I’ve met with a few people recently who have studied our website but tell me that they only really came to understand eCo after discussing it face to face. The website has quite a lot of information about how eCo works, they say, but it doesn’t explain why we set things up the way we did. This piece is, in response to that, an attempt to answer the why questions as succinctly as I can…

1. Why should I buy software on eCo?

Your alternatives to eCo are normally (a) build software in house or (b) license application software from a software company. Option (a) is hugely expensive and, at this point in our industry’s history, unsustainably so. Producing most software in-house enables you to customise the relatively small amount of software that can yield a business edge but to do so you take on the burden of writing and maintaining much, much more software that is completely generic (or if it’s not generic it’s because it’s shivving into all the custom code a heavy in-house approach burdens you with). Option (b) doesn’t solve your problem because, though potentially cheaper, running applications significantly constrains the flexibility you need when a new and/or customised solution, rapidly implemented, can confer a business advantage. Commercial and technology leadership in financial services remain tightly intertwined.

In contrast to option (a), licensing software over eCo gets someone else to bear a large part of the cost of implementing and maintaining your standard technology. In contrast to option (b), licensing software over eCo gives you full rights to view and change the source code of the software that you acquire. In contrast to both (a) and (b), when you license software over eCo its technical suitability is independently scored by a company that didn’t produce it so the risk of building or buying something that doesn’t work out is significantly diminished.

2. I’m a bank/hedge fund – why should I sell software on eCo?

Licensing software that you’re developing anyway generates income that can be used to defray costs and gives you more funds to invest in software improvement. Also, both the act of preparing your software for commercial release (which eCo helps with) and having other developers analyse/improve/fix it are quality improving in a big way. Furthermore, the chances of getting left some years down the line with millions of lines of legacy code that no one understands any more are very significantly reduced.

3. I’m a software company – why should I sell software on eCo?

Licensing your software in a source-available form makes it interesting to institutions whose complexity and need to lead make application software highly problematic. In short, it’s a route to relevance to the top tier. Furthermore, mid-tier and lower tier clients who may only rarely need to customise your code will still have a higher quality relationship with you when it’s based on transparency. And you never know: the act of getting your software assessed by eCo may improve it, and the fact of having our independent technical assessment out there will make it more trusted.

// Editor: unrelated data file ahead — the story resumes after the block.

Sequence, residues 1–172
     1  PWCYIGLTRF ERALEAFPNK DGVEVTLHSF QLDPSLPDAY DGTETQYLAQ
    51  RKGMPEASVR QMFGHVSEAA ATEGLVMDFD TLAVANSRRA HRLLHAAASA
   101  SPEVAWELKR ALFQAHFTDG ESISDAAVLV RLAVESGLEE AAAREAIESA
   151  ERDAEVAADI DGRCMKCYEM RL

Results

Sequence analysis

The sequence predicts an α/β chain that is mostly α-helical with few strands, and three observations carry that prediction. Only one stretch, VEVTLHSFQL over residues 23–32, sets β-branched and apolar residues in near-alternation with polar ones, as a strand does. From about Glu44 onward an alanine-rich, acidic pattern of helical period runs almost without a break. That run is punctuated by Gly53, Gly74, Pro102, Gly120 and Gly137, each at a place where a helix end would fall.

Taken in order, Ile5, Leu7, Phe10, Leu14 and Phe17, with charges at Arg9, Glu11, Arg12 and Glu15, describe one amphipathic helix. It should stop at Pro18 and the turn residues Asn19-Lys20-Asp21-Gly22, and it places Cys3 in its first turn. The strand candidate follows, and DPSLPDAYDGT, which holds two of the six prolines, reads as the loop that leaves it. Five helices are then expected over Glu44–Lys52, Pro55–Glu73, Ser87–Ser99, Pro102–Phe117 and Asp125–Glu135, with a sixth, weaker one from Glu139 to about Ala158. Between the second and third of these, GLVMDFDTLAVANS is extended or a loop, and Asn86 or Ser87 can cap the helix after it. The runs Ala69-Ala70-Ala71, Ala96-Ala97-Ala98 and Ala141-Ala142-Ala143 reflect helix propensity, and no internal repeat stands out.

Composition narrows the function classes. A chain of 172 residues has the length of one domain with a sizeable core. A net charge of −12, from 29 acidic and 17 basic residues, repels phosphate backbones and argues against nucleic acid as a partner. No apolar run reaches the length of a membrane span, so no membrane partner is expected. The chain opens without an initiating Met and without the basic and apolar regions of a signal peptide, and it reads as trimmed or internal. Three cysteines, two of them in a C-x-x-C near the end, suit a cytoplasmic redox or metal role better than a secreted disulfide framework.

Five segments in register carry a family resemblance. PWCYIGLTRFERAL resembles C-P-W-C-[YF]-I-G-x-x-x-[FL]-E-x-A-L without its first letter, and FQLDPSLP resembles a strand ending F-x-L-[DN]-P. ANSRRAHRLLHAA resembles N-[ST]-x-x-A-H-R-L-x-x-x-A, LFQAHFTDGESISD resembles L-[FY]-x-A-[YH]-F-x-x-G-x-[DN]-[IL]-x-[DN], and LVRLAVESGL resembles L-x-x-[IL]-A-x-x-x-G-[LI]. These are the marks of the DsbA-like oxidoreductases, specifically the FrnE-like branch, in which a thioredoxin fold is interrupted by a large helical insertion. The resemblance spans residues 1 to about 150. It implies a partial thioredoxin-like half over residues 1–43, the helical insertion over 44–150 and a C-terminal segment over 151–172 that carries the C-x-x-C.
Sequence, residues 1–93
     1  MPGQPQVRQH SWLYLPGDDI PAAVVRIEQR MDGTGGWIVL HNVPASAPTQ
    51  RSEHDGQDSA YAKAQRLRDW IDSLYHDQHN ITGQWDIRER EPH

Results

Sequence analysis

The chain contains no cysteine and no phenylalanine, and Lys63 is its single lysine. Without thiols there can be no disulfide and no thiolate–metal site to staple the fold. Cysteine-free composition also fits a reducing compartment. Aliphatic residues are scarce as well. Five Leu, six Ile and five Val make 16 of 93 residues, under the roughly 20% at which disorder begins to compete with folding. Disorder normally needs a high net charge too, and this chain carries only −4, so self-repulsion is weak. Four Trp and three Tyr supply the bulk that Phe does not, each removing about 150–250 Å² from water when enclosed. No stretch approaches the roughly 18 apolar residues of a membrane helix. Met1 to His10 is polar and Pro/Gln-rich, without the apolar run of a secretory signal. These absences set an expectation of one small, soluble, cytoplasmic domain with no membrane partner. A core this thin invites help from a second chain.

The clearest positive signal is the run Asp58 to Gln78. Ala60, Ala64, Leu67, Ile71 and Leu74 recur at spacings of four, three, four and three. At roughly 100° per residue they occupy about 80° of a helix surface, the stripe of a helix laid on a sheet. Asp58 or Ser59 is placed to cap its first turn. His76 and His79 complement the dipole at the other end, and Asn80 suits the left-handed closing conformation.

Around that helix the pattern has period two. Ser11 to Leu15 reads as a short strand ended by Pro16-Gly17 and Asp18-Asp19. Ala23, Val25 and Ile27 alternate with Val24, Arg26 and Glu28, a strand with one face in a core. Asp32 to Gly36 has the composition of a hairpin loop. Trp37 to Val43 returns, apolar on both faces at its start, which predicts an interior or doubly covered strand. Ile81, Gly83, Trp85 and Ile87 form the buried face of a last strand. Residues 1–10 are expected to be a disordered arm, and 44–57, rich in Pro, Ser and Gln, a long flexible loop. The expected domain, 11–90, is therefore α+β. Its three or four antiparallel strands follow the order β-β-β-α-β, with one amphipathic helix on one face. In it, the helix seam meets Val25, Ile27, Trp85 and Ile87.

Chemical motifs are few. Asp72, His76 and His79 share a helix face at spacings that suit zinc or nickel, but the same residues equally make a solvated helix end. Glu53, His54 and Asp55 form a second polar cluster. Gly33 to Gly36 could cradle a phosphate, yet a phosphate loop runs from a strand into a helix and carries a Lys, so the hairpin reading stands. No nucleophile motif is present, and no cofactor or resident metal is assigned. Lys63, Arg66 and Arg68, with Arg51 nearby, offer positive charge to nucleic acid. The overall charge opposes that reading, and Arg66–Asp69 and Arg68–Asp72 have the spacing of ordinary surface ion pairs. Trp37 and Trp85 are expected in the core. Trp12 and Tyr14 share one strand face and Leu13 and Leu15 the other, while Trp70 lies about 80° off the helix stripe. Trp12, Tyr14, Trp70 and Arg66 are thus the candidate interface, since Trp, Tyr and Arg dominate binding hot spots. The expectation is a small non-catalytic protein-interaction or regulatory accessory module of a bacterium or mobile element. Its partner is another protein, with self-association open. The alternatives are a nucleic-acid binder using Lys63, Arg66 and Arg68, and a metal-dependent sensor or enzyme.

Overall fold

One other highly significant advantage is that any firm that licenses your software over eCo will do it under our standard Master Services Agreement so there is no need to sign a new contract – it’s just a schedule to the MSA, which they may well have already signed.

Meanwhile, you can carry on selling application software on your own paper as you do today.

4. Why should I become an eCo Service Partner?

Being an eCo Service Partner simultaneously generates income while giving you detailed knowledge of proprietary software from top-quality firms. It enables you to develop trusted relationships with buyers and sellers in the eCo community.

In some cases there will be scope to negotiate the rights to IP for software, where it suits both you and the seller.

5. Why should everyone want eCo to work?

Our industry cannot bear the scale of IT cost that it currently carries and the vast bulk of this arises from totally unnecessary duplication. There is no other cost mutualisation strategy that a large bank can expect to pull off successfully several times a year. Think about it!

6. Why should everyone want eCo to work?

The argument above should resonate with anyone who allocates or controls an IT budget in a financial institution and with anyone from a software firm or consultancy who wants to earn honest money selling solutions that will work into the long term in those kinds of places. But what if you’re a worker rather than a suit? For developers, whether at software firms or financial firms, eCo offers an unparalleled opportunity to gain a reputation both for producing excellent software and for being a trusted/expert deployer of other people’s software (which is arguably the more valuable skill). It’s what LinkedIn might be if you stripped out the self-marketing and replaced it with evidence of accomplishment.

I hope these why explanations resonate for those who find that the rest of our website doesn’t. Maybe there’s simply no substitute for direct personal contact. Please let me know.